Neither could Kelly Carroll of the Historic Districts Council. “HDC would like to thank the applicants for making a courteous, special presentation to our organization and stakeholders. In general, we found the proposed new construction appealing and of quality materials. While sound arguments were presented for justification of demolishing these buildings, the resounding argument here is that these buildings were chosen by your Commission to be included in the historic district,” she said. “Even more, this Commission did not find it appropriate to demolish 16 West 18th Street in 2005 because of its contributing and irreplaceable fabric to this district. We are not arguing that these buildings are the highest or best examples of architecture, but their scale is represented by only 16 other buildings in the district.”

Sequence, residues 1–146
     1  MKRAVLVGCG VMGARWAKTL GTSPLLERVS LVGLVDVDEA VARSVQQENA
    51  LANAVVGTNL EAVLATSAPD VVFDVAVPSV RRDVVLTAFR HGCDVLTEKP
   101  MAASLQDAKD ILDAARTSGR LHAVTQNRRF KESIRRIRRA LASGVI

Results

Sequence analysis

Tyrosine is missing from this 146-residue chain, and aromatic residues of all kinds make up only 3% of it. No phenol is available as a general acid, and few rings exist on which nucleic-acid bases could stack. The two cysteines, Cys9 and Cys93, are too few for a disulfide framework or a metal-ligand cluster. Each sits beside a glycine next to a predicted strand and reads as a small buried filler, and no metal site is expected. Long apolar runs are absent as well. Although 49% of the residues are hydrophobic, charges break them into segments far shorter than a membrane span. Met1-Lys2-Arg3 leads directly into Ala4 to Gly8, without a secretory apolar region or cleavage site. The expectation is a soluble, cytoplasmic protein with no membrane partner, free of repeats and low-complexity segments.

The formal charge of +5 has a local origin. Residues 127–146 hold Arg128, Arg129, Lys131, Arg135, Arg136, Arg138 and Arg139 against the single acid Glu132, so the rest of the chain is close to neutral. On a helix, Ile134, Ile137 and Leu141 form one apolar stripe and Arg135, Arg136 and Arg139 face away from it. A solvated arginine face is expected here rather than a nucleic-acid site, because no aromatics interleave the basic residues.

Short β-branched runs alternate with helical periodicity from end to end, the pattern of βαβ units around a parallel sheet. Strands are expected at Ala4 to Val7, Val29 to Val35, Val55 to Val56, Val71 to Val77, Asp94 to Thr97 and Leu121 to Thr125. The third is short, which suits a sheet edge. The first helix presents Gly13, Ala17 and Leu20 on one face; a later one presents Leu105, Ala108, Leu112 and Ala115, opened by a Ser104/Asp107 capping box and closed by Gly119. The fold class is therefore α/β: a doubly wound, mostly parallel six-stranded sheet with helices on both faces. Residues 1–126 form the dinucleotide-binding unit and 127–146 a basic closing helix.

“There is a large swath of unprotected fabric not far in the Madison Square North area, which, after the community there was denied landmark status, is full of potential development sites that could produce such a building as the one proposed,” she added. “In general, there has been an increasing, predatory trend in historic districts citywide to identify low scale buildings and reinterpret their significance, which is not the best preservation practice. In conclusion, in our role as New York’s only citywide advocate for historic neighborhoods, we cannot support this application.”
One man who helped with the New York City tree census and used that experience to back up his knowledge of the sites said the existing buildings “are small in height, but big in stature.”
“They are not stepchildren,” said a representative of the Flatiron Alliance. A representative of the Victorian Society said there has been an “alarming number of applications [for demolition or partial demolition in historic districts].”
In the end, the commission approved both the demolition and new construction at 21 West 17th Street and 16 West 18th Street and the restoration and renovation at 23-27 West 17th Street and 18-22 West 18th Street. On the former, Commissioner Gustafsson voted no.
View the presentation slides here: